“Puppetry is just this magical mix, really, of everything,” says Rountree. “When you're doing puppetry, you're writing scripts, you're sculpting, you're making costumes, you're doing lighting, you're directing—it can be highly physical. It's the ultimate.”
They perch around their dining-room table, amicably debating the finer points of their craft and alternately springing out of their chairs to fetch puppets they picked up during this summer's cross-country tour of puppet festivals. But most people outside the festival circuit, Rountree acknowledges, have a hard time with the concept of adult puppetry.“When you say ‘adult puppet show,' the first thing people say is, ‘Oh, you're going to do some kind of strip thing with puppets,'” she says. “Like it's either dirty or for kids. Come on! There's so much more to it than that.”
That may be the case, but their need for food and clothing requires them to spend more time working in children's theater than pushing the envelope for adults. But their imaginations, of course, span far beyond the realm of performing The Ugly Duckling in elementary-school cafeterias.
Gunn also specializes in crafting giant puppets, a skill he honed during a residency at Bread & Puppet, a radical puppet theater company in Vermont. Giant puppets, explains Gunn, have traditionally played a big role in protests and activist circles: picture enormous effigies of political figures carried by teams of protesters. He's particularly excited about the idea of “giant puppets in the streets marching to take the power back” but explains that they've become a lot less common in the years since 9/11. The long, thick poles required to operate the giant puppets are now regarded as weapons, he explains, and are banned from most organized protests and campus rallies.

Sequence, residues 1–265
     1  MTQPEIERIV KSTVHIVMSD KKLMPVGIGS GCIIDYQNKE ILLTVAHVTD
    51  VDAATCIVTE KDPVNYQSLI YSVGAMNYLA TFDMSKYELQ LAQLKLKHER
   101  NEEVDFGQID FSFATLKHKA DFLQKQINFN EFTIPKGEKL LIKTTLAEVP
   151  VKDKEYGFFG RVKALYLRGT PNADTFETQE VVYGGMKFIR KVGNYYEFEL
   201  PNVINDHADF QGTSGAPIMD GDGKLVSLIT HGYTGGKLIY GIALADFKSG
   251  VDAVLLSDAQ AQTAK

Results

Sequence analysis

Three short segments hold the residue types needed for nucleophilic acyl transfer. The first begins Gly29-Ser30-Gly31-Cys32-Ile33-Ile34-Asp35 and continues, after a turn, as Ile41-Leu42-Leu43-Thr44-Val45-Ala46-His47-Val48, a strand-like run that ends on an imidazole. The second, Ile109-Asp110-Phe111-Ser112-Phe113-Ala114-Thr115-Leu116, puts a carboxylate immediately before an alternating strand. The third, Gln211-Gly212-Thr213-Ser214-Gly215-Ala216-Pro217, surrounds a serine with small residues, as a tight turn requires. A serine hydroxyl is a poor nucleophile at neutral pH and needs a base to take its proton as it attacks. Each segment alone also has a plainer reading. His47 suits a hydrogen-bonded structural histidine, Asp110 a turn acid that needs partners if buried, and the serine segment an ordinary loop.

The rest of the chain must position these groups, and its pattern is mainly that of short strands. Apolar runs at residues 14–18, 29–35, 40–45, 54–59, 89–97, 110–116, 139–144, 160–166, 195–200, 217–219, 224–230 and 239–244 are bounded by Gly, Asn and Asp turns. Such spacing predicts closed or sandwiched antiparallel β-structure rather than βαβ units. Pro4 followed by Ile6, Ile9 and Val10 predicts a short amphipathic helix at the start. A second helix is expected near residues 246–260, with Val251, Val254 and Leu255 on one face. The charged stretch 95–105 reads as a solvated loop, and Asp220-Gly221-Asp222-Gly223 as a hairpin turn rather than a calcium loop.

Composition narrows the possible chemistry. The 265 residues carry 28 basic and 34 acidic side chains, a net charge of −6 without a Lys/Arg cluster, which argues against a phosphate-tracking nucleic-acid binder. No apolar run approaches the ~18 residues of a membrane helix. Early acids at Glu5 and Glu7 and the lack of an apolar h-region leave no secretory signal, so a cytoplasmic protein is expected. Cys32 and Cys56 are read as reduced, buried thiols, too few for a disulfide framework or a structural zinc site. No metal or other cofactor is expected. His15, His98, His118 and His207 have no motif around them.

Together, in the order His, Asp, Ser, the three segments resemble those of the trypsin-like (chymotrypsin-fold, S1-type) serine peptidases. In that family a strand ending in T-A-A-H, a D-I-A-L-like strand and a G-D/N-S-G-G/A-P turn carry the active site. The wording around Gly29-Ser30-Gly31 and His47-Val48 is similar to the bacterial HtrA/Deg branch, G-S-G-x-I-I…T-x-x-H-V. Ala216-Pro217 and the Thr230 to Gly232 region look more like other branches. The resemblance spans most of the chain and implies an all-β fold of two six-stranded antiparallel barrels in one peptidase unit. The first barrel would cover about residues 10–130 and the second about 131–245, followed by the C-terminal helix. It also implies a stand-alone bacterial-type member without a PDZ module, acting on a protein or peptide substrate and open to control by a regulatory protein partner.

Still, his penchant for puppetry—both giant and otherwise—is fueled by his belief that it has the potential to do more than entertain.
“I like to make characters that instill joy in people, because I don't think we have enough of that in this world,” says Gunn. “Mostly the stories we tell are about desires for peace, for love, for understanding, for compassion.”
He pauses to give movement-based puppetry it's due, describing how a puppeteer from one of the summer festivals created magnificent marionettes of both a woman breastfeeding a child and a butterfly landing on a horse's tail. The audience was awestruck and transformed, he says, by the man's display of avocation, tenderness and attention to detail.
In that case, “you're capturing and freezing something, or distilling it down to its essence,” he says. “That's not exactly our style; we're more the Punch & Judy style. We practically want to hit people over the heads.”
That's the cool thing about puppets, says Rountree—they can get away with saying and doing so many things that real people can't.
“It just creates this little opening that I think is amazing,” she says. “I mean, that's what you're hoping for—to actually change the way people think.”